only one operational mission is known to have been flown with this type.[10]

27 Apr 44: the crew of a He 177 lost control while flying low over Burg airfield on a practice flight and dove into the ground killing all aboard, 100%.[11]

10 Jul 44: Staffel listed at Mont de Marsan/SW France.[12]

22 Jul 44: He 177 crashed while taking off from Mont de Marsan on a night mission, 100%, entire crew KIA.[13]

25 Jul 44: now at Bordeaux-Merignac with an operational detachment (Einsatzkommando) at Mont de Marsan.[14]

Jul 44: aside from the one flight noted above, the Staffel was never able to recommence operations due to the growing fuel problem and the constant difficulties encountered with the He 177, as well as the swarms of Allied fighters now patrolling the Bay of Biscay and over the western areas of France.[15]

31 Jul 44: Staffel reported 19 aircraft on strength.[16]

Aug 44: the last weather flights made by the Staffel reached a point almost half way out into the Atlantic between France and Newfoundland.[17]

19 Aug 44: evacuated France and in transfer to Germany.[18]

4 (7?) Sep 44: at Burg bei Magdeburg with a total of 17 He 177 A-3s on strength - Staffel ordered disbanded this date (FpN deleted 1 Nov 1944).[19]

FpN:(L 24693)


Hptm. Rudolf Prasse (Jul 40 - Dec 42)

Oblt. Karl(?) Schmidt (Dec 42 - 20 Mar 43 (44?)) KIA

Oblt. Hans-Joachim Schulze (Mar 43 (44?) - Jun 44)

Hptm. Heinz(?) Schröder (Jun 44 - 7 Sep 44)

Special Note:

The history of the Luftwaffe Weather Service, this Staffel, all of the other Staffeln, the Wetterflugstellen, the Wetterketten and all other components engaged in meteorological reconnaissance activities are covered in extensive detail in: Kington, John A. & Franz Selinger, WEKUSTA – Luftwaffe Meteorological Reconnaissance Units & Operations 1938-1945, Ottringham/East Yorkshire (U.K.), 2006. Accordingly, rather than repeat what has already been treated in considerable detail, the researcher/reader is encouraged to see this extraordinary study.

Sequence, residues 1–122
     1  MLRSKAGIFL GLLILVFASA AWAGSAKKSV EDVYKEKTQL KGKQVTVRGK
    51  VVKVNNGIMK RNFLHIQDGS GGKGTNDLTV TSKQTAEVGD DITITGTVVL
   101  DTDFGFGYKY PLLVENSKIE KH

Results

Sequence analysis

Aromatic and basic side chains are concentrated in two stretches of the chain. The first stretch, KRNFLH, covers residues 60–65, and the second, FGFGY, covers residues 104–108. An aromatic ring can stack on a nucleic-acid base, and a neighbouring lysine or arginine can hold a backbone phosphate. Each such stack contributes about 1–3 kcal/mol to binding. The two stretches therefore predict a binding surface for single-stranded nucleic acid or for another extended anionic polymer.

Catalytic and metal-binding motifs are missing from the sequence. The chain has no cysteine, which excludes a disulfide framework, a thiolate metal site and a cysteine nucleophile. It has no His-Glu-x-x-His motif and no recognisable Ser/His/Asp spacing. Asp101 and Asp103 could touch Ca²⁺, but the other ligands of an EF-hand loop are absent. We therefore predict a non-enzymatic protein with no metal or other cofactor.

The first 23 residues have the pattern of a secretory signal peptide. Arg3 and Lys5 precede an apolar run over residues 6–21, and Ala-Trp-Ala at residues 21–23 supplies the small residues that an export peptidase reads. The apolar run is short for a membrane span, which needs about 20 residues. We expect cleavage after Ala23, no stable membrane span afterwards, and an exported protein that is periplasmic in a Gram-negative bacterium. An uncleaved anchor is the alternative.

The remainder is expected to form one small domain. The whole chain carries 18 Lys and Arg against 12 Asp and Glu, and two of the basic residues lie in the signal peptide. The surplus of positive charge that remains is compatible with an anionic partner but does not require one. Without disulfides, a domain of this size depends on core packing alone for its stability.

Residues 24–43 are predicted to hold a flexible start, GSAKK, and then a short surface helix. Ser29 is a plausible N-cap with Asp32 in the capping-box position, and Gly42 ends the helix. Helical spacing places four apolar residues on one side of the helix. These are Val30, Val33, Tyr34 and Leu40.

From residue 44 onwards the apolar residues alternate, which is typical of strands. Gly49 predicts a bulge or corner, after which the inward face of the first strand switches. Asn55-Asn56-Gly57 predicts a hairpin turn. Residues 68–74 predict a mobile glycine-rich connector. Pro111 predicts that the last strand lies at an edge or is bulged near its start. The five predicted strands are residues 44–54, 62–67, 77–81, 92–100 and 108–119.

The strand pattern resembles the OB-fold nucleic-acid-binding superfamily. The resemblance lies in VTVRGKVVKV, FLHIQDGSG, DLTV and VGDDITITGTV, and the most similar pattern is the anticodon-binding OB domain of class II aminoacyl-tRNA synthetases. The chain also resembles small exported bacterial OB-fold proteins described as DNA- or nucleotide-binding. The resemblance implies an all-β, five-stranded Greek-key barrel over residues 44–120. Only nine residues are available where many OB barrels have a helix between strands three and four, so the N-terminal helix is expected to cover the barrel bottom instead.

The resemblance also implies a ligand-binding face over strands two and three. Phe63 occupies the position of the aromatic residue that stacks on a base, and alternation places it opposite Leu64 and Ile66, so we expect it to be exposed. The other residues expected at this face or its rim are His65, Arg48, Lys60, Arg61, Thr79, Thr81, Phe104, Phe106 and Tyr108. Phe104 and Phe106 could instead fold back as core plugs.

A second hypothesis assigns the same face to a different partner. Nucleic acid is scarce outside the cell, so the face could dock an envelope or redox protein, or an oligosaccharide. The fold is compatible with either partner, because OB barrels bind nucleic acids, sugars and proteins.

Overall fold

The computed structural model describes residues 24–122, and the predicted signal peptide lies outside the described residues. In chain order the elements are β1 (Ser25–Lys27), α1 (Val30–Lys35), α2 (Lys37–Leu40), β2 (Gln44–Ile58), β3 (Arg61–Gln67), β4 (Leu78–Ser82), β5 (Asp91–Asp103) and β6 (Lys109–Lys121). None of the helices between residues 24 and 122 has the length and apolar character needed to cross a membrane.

© by Henry L. deZeng IV (Work in Progress, 2022).

(1st Draft 2022)


  1. W.Dierich-VdL; F.Selinger letter to H.L.deZeng dated 13 Jan 1993.
  2. F.Selinger-op cit.
  3. U.Balke-KG 2/Teil 1:408; Dierich-op cit; PRO London: AIR 40 Air Ministry intelligence documents.
  4. BA-MA Freiburg: RL 2 III Meldungen über Flugzeugunfälle…..(Loss Reports – LRs); Kington/Selinger – WEKUSTA, pp.56-57.
  5. LRs and Jet & Prop magazine, Heft (issue) 4/1992:12-17; Kington/Selinger – WEKUSTA, p.60.
  6. BA-MA Freiburg: Flugzeug-Bereitstellungen (Aircraft Availability Status Reports – FzB) in: M.Holm-website (ww2.dk).
  7. PRO London: ADM 223/OIC-SI (Operational Intelligence Centre - Special Intelligence), a daily intelligence report based on ULTRA and other signals intelligence that began about January 1942; Kington/Selinger – WEKUSTA, p.57.
  8. Kington/Selinger – WEKUSTA, p.60.
  9. LRs and Jet & Prop-op cit.
  10. F.Selinger-op cit; Dierich-op cit; PRO London: DEFE 3 ULTRA signal (number not recorded).
  11. Kington/Selinger – WEKUSTA, p.60.
  12. NARA WashDC: RG 242/T-971 roll 18.
  13. Kington/Selinger – WEKUSTA, p.62.
  14. Luftflotte 3 OB list in RG 242/T-971-op cit.
  15. PRO London: AIR 40 Air Ministry intelligence documents.
  16. Kington/Selinger – WEKUSTA, p.62.
  17. ULTRA signal-op cit; Kington/Selinger – WEKUSTA, p.62.
  18. Kington/Selinger – WEKUSTA, p.62.
  19. F.Selinger letters 13 Feb and 5 Aug 1992; M.Griehl-He 177:143; Dierich-op cit; N.Kannapin-Feldpostübersicht; Kington/Selinger – WEKUSTA, p.63.